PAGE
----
Casinos and racecourses are calling for support as the government imposes a 10pm curfew and delays the return of spectators to sports events.
UK.- Casinos and race tracks have reacted with dismay to the government’s latest Covid-19 measures announced yesterday (Tuesday).
Prime Minister Boris Johnson announced a 10pm curfew for leisure businesses, including casinos, in England and a delay to the proposed return of spectators to sports events, including the cancellation of the current pilot project for horseracing.
The industry standards body, the Betting and Gaming Council (BGC), said the curfew was a “death knell” for the industry. It has called on the government to create an “urgent economic package” to support the sector.
Casinos in London had proposed that they could close their bars rather than entire venues at 10pm to minimise the impact on business, but a blanket curfew has been announced starting from Thursday (September 24).
Venues that fail to comply face financial penalties and potentially being shut down.
The measures cover England but Scotland, Wales and Northern Ireland are expected to impose similar restrictions.
With casinos normally doing 70 per cent of their business after 10pm, the BGC fears that 50 per cent of casino workers could lose their jobs.
BGC chief executive Michael Dugher said: “Boris Johnson may well have signalled the death knell for the casino industry by including them in the list of venues which will be forced to close their doors at 10pm.
“His own public health officials saw for themselves the sophisticated anti-Covid measures which casinos have put in place – and then gave them the go-ahead to re-open just last month because they are Covid-safe.
“It is now absolutely vital that the government throws the industry a lifeline by putting in place an urgent economic package to alleviate the damage that this decision will cause.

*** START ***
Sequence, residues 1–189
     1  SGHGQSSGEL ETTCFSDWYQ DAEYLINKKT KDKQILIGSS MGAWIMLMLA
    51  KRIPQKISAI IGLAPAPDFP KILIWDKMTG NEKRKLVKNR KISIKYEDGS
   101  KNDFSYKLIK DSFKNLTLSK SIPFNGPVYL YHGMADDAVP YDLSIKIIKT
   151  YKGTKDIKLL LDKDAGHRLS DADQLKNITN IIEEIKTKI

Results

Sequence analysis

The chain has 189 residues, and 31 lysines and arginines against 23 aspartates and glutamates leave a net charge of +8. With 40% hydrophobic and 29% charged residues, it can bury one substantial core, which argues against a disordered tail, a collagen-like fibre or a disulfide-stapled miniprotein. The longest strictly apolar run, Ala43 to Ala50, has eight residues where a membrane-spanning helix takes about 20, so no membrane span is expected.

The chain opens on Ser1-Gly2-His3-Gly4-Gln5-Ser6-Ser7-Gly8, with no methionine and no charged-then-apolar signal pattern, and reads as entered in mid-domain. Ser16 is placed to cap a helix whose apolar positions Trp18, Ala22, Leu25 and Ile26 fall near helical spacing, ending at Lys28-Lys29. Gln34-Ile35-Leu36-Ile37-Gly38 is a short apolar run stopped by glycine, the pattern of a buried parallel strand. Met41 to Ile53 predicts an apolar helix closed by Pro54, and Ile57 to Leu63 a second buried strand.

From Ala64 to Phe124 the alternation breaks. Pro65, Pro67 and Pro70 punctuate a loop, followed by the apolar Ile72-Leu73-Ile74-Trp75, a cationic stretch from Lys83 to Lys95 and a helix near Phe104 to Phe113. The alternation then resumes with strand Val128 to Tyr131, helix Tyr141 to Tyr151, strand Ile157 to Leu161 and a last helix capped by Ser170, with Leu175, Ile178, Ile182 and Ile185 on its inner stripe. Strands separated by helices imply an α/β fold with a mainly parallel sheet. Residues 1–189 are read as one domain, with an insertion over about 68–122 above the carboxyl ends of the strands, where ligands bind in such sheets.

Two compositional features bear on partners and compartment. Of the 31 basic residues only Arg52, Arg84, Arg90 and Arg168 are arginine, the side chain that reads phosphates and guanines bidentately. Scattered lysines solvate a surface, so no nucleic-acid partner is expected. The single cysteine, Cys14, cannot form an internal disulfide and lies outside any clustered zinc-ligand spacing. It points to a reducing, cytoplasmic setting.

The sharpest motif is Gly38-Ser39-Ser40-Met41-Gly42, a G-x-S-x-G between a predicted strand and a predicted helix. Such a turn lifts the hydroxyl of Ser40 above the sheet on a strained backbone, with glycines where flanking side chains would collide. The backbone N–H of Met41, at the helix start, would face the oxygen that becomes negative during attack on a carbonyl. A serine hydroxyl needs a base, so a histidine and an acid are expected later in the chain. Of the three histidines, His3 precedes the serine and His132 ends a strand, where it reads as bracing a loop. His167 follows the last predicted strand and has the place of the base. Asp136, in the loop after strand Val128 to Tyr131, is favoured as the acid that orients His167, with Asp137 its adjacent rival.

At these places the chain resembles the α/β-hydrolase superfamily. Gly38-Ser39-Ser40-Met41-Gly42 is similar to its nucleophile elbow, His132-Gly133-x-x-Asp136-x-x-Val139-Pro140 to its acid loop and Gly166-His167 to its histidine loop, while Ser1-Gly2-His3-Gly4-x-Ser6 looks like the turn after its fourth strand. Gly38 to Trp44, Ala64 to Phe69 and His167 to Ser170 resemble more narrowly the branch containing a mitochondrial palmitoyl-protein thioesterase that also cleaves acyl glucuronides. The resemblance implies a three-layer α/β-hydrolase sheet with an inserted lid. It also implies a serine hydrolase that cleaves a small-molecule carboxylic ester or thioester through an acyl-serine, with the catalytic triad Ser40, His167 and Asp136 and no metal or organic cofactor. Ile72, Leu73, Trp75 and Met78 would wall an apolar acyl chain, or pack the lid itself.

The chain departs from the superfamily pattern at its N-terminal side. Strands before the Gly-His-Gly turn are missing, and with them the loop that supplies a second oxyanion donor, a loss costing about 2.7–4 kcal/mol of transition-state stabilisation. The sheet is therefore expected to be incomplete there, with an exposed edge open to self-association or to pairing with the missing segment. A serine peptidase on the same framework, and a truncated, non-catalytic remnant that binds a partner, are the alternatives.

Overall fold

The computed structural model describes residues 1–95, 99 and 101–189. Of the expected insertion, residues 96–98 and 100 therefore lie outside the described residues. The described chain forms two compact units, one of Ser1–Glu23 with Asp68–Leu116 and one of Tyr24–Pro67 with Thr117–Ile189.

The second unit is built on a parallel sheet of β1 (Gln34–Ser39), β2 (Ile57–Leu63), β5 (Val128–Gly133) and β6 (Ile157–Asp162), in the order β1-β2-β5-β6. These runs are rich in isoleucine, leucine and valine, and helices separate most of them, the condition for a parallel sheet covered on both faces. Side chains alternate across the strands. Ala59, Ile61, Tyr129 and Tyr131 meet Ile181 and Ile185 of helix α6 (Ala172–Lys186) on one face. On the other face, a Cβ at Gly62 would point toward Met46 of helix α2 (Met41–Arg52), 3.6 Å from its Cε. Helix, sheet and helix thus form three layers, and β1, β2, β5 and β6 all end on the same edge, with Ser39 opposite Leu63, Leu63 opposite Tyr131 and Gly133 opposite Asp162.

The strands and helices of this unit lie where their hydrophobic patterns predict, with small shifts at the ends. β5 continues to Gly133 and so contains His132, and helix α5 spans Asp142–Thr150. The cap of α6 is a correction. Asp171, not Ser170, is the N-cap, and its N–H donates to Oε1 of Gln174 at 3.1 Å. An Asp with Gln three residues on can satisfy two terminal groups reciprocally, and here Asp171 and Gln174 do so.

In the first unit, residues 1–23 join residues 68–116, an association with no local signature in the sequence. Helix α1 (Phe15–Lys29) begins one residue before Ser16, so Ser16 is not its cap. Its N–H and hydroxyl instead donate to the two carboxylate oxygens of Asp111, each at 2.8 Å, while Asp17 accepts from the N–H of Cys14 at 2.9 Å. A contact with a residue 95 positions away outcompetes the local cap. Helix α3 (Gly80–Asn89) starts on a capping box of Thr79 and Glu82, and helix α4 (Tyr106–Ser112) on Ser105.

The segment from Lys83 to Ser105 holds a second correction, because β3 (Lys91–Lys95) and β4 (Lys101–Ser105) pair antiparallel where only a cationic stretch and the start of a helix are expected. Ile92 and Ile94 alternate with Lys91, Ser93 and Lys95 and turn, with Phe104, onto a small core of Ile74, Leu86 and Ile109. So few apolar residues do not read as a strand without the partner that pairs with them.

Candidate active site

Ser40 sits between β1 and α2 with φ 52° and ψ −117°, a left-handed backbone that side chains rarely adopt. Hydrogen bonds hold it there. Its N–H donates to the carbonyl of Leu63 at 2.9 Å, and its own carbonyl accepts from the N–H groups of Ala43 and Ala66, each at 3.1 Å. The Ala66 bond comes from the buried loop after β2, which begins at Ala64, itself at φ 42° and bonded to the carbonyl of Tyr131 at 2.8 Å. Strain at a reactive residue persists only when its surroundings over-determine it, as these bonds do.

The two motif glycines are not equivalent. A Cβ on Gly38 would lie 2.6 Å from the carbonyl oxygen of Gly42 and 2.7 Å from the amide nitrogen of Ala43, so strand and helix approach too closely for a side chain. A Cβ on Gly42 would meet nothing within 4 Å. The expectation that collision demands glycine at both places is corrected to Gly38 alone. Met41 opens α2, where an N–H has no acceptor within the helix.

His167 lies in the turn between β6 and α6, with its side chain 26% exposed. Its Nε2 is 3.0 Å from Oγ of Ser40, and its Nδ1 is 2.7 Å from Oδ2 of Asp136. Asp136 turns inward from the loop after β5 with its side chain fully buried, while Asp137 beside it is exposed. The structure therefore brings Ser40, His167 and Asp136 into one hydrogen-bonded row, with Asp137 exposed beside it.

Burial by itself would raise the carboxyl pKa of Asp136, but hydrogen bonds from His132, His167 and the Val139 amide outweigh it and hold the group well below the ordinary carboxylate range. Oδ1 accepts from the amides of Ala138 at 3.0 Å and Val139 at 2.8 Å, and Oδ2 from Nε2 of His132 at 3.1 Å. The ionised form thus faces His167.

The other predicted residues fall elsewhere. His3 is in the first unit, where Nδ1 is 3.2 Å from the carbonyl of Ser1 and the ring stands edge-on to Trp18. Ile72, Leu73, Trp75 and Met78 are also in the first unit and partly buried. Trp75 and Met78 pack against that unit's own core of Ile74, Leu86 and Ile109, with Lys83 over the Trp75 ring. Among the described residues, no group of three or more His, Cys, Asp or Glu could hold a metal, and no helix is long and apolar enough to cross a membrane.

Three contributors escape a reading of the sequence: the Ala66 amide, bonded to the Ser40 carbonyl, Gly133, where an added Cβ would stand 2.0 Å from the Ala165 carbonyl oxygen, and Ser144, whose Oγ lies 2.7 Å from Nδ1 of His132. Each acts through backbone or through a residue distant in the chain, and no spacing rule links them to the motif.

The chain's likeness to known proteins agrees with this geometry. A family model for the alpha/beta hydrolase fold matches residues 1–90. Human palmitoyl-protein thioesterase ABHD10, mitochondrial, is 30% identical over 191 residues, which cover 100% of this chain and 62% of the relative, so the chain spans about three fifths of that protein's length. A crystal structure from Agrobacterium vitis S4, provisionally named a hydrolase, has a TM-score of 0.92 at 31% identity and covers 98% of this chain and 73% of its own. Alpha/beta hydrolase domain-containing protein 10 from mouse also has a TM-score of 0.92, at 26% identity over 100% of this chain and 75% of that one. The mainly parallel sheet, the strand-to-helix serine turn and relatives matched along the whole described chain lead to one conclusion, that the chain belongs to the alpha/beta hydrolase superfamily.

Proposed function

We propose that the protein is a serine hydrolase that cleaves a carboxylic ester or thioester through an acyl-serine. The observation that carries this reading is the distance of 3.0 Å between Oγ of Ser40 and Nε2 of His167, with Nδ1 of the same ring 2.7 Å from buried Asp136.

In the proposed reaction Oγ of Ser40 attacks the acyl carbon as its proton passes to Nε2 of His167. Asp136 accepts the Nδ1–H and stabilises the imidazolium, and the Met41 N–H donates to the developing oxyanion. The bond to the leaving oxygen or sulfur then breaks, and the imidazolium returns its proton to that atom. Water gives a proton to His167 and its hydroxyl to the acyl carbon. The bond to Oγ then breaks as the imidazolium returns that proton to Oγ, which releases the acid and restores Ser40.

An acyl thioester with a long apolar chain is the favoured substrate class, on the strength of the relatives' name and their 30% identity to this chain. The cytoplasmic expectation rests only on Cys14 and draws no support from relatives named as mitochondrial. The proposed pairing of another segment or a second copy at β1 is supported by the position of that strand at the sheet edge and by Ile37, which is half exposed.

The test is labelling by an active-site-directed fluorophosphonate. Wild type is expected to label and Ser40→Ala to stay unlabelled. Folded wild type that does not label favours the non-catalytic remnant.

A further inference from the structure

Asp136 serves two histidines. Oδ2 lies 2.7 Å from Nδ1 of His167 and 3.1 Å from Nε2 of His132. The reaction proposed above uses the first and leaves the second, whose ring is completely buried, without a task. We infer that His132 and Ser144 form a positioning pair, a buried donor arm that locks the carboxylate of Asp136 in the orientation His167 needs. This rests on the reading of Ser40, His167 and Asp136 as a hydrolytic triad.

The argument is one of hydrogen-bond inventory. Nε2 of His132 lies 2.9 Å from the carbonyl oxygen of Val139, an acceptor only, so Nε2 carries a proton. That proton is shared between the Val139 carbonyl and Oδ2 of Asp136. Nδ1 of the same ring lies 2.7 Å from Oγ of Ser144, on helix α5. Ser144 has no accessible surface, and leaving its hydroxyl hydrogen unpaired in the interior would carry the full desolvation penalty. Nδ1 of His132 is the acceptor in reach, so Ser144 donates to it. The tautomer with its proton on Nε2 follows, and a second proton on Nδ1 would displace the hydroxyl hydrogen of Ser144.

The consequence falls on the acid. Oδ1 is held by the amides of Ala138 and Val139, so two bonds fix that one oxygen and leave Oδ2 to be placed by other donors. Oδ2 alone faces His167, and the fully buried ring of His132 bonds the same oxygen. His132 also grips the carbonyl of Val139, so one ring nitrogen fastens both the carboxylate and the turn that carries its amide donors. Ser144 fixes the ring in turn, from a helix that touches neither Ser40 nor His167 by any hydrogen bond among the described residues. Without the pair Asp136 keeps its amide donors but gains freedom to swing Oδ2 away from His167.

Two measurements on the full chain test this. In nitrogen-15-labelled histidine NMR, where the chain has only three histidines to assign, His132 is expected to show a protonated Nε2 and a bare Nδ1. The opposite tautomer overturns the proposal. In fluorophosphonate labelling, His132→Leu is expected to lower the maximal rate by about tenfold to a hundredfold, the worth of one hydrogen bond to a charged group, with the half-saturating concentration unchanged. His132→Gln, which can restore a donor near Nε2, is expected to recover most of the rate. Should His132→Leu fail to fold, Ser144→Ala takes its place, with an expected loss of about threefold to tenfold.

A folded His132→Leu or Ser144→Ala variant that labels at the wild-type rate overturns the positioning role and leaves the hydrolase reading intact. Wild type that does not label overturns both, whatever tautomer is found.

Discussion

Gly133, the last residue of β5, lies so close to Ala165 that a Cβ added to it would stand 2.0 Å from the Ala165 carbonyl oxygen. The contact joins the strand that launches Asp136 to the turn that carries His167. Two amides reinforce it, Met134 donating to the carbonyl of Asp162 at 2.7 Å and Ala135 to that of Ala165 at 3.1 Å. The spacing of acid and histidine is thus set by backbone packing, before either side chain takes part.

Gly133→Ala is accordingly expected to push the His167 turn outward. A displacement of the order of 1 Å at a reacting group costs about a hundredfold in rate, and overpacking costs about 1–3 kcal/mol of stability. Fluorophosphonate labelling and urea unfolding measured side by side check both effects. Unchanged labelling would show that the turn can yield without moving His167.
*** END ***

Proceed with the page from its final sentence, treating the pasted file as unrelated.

“The 10pm curfew will slash casino incomes by up to 75% and likely lead to half their workforce – some 7,000 people – being made redundant.
“Without immediate and substantial financial help from the government, perfectly viable casinos – which between them paid £1.3bn in tax to the Treasury in the last three years – will simply go to the wall.”
Dugher called on the government to extend its Coronavirus Job Retention Scheme, which is scheduled to finish on October 31.
He also said the government should consider the Labour Party’s ‘High Street Fightback Fund’ which would direct funds to businesses affected by the curfew.
The British Horseracing Authority (BHA), meanwhile, has warned that the racing industry faces a “severe threat” due to the indefinite proposal of plans to allow spectators to return to races.
The events in a pilot programme to allow spectators at horse racing events had already begun and it was hoped fans would be able to return to other sporting events from October 1. Now the pilot has been cancelled indefinitely.
The BHA said: “The exemplary response from the spectators in following the measures we put in place has shown that organised events can be run safely. But despite all those efforts, our industry is now facing a severe threat.
“We are the second most attended spectator sport in the country. Without the millions of people who normally enjoy a day at the races, many people’s jobs are at serious risk as are the businesses they work in.”
The BHA will carry out a further assessment of economic impact on racecourses. It has already called for an urgent reform to the horse racing levy after estimating that the British racing industry could lose up to £300m in revenue this year.
BHA chief executive Nick Rust said: “We will urge the government to provide financial support, as they have indicated they are considering, and to accept the case for urgent reform of the Levy.
“Our loyal owners and our key international investors have stood by us and we ask government to work with us to maintain that confidence in racing and in Britain.”